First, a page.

Walking, looking and telling tales

Artist Mark Fairnington standing by his artwork in the half parlour

Artist Mark Fairnington has been commissioned by Newcastle University to create an exhibition at Cherryburn as part of a programme examining the role of art within heritage properties

At Cherryburn, Mark Fairnington has created series of miniature oil paintings, which have been made to reflect the place, the landscape and the work of Thomas Bewick. The paintings are on display in the half parlour of the birthplace.


Bewick gathered information by walking and his work became a record of the people he saw everywhere he went. Mark has been inspired by a series of walks that he has made around Cherryburn and Northumberland. As part of his work, Mark will be hosting a bookable walk and talk in July.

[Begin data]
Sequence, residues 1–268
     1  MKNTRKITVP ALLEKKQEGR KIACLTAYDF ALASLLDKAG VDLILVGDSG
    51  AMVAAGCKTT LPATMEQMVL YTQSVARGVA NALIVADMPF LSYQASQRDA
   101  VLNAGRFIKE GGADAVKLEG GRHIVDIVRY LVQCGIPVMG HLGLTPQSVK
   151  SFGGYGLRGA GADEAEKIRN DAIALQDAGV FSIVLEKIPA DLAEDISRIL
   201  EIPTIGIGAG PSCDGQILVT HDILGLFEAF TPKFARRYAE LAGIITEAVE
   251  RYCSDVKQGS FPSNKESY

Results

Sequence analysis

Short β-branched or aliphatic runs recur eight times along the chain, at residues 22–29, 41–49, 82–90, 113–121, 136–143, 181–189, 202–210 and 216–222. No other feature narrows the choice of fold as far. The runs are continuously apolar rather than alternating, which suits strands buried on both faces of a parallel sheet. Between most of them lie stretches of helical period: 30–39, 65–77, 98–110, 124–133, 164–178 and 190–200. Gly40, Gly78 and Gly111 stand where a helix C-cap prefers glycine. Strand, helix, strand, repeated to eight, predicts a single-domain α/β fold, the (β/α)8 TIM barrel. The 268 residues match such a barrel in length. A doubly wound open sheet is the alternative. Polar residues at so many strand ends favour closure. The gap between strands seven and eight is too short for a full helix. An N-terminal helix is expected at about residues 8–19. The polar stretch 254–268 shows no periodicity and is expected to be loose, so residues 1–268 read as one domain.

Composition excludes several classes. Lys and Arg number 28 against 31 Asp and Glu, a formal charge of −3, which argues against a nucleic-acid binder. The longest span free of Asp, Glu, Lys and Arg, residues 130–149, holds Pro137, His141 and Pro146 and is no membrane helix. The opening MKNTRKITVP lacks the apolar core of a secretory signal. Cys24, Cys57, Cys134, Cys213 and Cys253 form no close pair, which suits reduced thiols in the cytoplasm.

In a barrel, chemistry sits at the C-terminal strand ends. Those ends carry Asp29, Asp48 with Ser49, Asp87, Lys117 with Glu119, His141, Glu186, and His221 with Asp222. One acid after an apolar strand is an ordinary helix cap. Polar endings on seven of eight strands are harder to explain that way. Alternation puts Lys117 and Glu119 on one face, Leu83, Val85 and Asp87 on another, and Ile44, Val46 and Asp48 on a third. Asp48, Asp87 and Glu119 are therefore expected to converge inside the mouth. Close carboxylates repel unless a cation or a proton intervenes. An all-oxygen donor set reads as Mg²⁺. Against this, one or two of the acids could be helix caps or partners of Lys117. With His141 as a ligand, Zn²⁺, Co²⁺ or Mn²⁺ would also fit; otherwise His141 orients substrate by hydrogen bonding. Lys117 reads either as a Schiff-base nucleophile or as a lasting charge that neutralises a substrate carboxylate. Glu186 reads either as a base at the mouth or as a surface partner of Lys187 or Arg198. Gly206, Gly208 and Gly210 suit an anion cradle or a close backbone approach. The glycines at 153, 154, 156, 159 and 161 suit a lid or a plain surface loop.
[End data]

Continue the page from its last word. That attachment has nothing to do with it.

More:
An oil painting, The Hanging Swing, by Mark Fairnington
An oil painting, The Hanging Swing, by Mark Fairnington
An oil painting, The Hanging Swing, by Mark Fairnington


The new paintings include miniature landscapes that look at the countryside of Bewick from a contemporary viewpoint, and will be roughly the size of a Bewick print, mimicking the amount of detail he was able to include in such a small space.


Walking looking and telling tales will be on display at Cherryburn 2 June – 4 November. Follow Mark’s journey here


Mapping Contemporary Art in the Heritage Experience - A major research project led by Newcastle University with the National Trust, Churches Conservation Trust, Arts Council England and Contemporary Visual Arts Network resulting in 4 new artworks in heritage sites, an online digital resource, conference and exhibition. For more details visit http://research.ncl.ac.uk/mcahe

 

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